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Understanding Journal Metrics

Understanding journal metrics

As part of our commitment to publishing impactful research that helps to influence and inform policy, practice, and the public, Sage has committed to the five principles for publishers outlined in the Declaration on Research Assessment (DORA). As a result of our obligation, we make article-level metrics available to encourage assessment based on the content of the article rather than a journal’s publication metrics. We reduce emphasis on Impact Factor as a promotional tool and present a variety of metrics for researchers to use to assess a journal’s performance.

Visit our DORA website to learn more about the various ways we are taking action.

This page is your primer on what journal and article metrics are and how to use them.


Journal and article-level metrics

Journal and article metrics serve as tools for evaluating research. They offer a standardized way to gauge the quality and impact of academic work. These metrics can help ensure researchers receive recognition for their valuable contributions and aid institutions and funders in making efficient resource allocations. Universities, funding organizations, and researchers themselves may use metrics to inform decisions. Journal metrics provide a quick assessment of a journal's influence, while article-level metrics help determine the impact of individual research papers. Metrics help maintain transparency and fairness in scholarly publishing.

A journal's metrics page includes downloads and impact data from abstracting and indexing services like Google Scholar, Journal Citation Reports, and Scopus (where available). This comprehensive approach offers a more complete picture of a journal's performance. You can access a journal’s metrics page by visiting the journal homepage and following the “Journal indexing and metrics” link under the “Journal Information” menu.

A journal’s article-level metrics, including downloads and citations, offer valuable insights into a researcher’s contribution to the discipline and the wider community.  You can access an article’s metrics page by visiting the article and selecting “Metrics and citations” in the top navigation menu.

Understanding research metrics

Each journal published by Sage has a journal metrics webpage and each article has metrics information available online. We provide a brief description of the available metrics below:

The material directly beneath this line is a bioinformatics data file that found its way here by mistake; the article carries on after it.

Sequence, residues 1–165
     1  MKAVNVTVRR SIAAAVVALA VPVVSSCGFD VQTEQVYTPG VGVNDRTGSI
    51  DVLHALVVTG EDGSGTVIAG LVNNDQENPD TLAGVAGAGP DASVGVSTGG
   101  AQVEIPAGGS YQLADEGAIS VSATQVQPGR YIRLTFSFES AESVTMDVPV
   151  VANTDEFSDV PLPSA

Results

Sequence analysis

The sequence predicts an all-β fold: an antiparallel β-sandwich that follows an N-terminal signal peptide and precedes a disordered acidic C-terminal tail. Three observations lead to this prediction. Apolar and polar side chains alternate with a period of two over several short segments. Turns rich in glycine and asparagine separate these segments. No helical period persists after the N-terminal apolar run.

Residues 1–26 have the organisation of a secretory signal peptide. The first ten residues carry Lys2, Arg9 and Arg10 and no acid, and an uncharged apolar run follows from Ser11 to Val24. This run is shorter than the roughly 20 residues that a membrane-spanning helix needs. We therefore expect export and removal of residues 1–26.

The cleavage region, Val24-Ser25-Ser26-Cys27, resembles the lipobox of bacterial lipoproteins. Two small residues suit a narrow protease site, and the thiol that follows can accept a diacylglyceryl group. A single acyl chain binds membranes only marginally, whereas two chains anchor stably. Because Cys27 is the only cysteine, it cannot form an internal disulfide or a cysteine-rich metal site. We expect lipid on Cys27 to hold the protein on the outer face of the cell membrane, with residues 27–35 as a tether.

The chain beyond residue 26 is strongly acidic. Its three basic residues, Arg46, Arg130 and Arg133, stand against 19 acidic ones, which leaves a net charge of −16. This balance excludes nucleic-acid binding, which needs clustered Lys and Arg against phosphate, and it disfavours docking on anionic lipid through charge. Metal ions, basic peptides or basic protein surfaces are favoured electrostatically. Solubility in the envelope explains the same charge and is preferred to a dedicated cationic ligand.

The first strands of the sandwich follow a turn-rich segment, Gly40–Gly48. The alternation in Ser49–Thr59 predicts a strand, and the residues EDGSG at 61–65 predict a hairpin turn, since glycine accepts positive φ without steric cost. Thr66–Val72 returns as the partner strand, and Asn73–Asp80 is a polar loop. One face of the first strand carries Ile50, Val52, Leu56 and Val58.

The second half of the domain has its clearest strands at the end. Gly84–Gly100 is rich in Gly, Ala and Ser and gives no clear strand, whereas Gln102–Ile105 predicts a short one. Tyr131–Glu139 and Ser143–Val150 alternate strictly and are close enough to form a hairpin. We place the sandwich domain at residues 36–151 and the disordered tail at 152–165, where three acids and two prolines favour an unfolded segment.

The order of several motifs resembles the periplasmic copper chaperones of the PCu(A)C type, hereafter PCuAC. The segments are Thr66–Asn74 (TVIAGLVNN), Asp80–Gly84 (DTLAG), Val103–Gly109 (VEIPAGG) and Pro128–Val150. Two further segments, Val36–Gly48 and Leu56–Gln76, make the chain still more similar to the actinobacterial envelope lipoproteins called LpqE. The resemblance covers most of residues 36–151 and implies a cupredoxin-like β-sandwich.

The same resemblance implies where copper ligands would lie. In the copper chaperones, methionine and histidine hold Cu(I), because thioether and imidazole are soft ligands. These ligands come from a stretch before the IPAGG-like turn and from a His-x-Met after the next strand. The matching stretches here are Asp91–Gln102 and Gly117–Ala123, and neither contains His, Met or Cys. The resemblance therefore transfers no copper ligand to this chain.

Journal Metrics


Readership metrics are included on the journal’s metrics page along with individual article pages.

  • Full Text usage: Full text usage is the sum of PDF and HTML downloads from the journal platform during the prior calendar year.
  • Abstracting and Indexing: The metrics page of a journal will list the abstracting and indexing databases in which it is included.

Peer Review and Production

Where available, average peer review decision speed, production speed, and acceptance ratio can be provided to editors.

  • Time to first decision: Time to first decision is defined as time from submission to first decision for all original submissions decided within the prior calendar year. Revisions are not included.
  • Production speed: The average number of days a manuscript spends in Sage Production, beginning when the manuscript is exported from Sage Track and ending when the manuscript is published online.
  • Acceptance rate: Acceptance rate is based on manuscripts that have received final decisions of accept or reject (does not count revisions). Counts for acceptances, rejections, and acceptance ratios are based on the date the decision is made, not the date the manuscript was submitted.

Scopus, SCImago Journal Rank (SJR), and CiteScore

Developed by Scopus and using their dataset, the SCImago Journal Rank (SJR) metric expresses the average number of weighted citations received in the selected year by the documents published in the selected journal in the three previous years, i.e. weighted citations received in year X to documents published in the journal in years X-1, X-2 and X-3. Read the SCImago description of SJR and visit the Scopus website for more information.

  • CiteScore: Scopus provides the journal's CiteScore, which is calculated as the total citations made in the CiteScore year and the prior three years to content published in the CiteScore year and the prior three years, divided by the total number of items published by the journal in the CiteScore year and prior three years.
  • Source-normalized Impact per Paper (SNIP): SNIP calculates a journal’s citation count per paper and divides it by the citation potential in the journal’s subject area to account for variability between subject categories.